Chronic Pain

Chronic pain can be defined as pain that is lasting, off and on, and lasts for 3 to 6 months or longer. Many things cause chronic pain, which can make it difficult to make a discrete diagnosis. There are many treatment options available for chronic pain. However, finding a treatment that works well for you may require trying various approaches until a suitable one is found.


In some types of chronic medical conditions, the pain is caused by a normal pain response within the body. A normal pain response helps the body identify illness or injury and prevent further damage from being done. In these cases, the cause of the pain may be identified and treated, even if it may not be cured completely. Examples of chronic conditions which can cause chronic pain include:

  • Inflammation of the joints (arthritis).

  • Back pain or neck pain (including bulging or herniated disks).

  • Migraine headaches.

  • Cancer.

In some other types of chronic pain syndromes, the pain is caused by an abnormal pain response within the body. An abnormal pain response is present when there is no ongoing cause (or stimulus) for the pain, or when the cause of the pain is arising from the nerves or nervous system itself. Examples of conditions which can cause chronic pain due to an abnormal pain response include:

  • Fibromyalgia.

  • Reflex sympathetic dystrophy (RSD).

  • Neuropathy (when the nerves themselves are damaged, and may cause pain).


Your caregiver will help diagnose your condition over time. In many cases, the initial focus will be on excluding conditions that could be causing the pain. Depending on your symptoms, your caregiver may order some tests to diagnose your condition. Some of these tests include:

  • Blood tests.

  • Computerized X-ray scans (CT scan).

  • Computerized magnetic scans (MRI).

  • X-rays.

  • Ultrasounds.

  • Nerve conduction studies.

  • Consultation with other physicians or specialists.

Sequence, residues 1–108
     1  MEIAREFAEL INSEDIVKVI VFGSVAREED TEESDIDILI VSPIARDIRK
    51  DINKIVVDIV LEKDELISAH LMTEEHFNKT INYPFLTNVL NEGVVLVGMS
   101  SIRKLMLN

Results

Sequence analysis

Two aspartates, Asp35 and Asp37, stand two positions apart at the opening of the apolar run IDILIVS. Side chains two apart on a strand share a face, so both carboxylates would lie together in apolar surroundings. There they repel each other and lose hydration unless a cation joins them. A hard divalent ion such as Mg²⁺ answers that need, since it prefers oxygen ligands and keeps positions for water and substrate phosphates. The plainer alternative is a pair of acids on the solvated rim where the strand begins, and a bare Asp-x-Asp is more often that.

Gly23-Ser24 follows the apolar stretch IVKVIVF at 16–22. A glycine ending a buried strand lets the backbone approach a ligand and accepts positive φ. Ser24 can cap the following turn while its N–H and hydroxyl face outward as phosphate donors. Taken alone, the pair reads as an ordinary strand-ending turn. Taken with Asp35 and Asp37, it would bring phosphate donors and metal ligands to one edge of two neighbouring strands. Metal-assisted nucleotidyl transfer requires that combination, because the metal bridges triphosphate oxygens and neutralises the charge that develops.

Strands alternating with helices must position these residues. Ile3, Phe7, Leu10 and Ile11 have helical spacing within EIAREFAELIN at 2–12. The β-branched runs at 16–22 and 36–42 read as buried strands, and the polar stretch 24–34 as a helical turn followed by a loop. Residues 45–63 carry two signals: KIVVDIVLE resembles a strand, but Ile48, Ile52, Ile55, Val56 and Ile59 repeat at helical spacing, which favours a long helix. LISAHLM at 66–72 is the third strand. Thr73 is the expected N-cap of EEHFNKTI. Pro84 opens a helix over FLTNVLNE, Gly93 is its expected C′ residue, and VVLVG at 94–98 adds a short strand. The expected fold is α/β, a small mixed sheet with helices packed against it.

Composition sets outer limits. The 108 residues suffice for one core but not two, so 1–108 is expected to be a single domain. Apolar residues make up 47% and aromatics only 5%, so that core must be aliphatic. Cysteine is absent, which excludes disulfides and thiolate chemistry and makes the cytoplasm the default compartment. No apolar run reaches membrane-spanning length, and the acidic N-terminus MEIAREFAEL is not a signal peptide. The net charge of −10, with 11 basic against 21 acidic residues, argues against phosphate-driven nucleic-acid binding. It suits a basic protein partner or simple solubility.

There are many treatment options for people suffering from chronic pain. Finding a treatment that works well may take time.

  • You may be referred to a pain management specialist.

  • You may be put on medication to help with the pain. Unfortunately, some medications (such as opiate medications) may not be very effective in cases where chronic pain is due to abnormal pain responses. Finding the right medications can take some time.

  • Adjunctive therapies may be used to provide additional relief and improve a patient's quality of life. These therapies include:

  • Mindfulness meditation.

  • Acupuncture.

  • Biofeedback.

  • Cognitive-behavioral therapy.

  • In certain cases, surgical interventions may be attempted.


  • Make sure you understand these instructions prior to discharge.

  • Ask any questions and share any further concerns you have with your caregiver prior to discharge.

  • Take all medications as directed by your caregiver.

  • Keep all follow-up appointments.


  • Your pain gets worse.

  • You develop a new pain that was not present before.

  • You cannot tolerate any medications prescribed by your caregiver.

  • You develop new symptoms since your last visit with your caregiver.


  • You develop muscular weakness.

  • You have decreased sensation or numbness.

  • You lose control of bowel or bladder function.

  • Your pain suddenly gets much worse.

  • You have an oral temperature above 102° F (38.9° C), not controlled by medication.

  • You develop shaking chills, confusion, chest pain, or shortness of breath.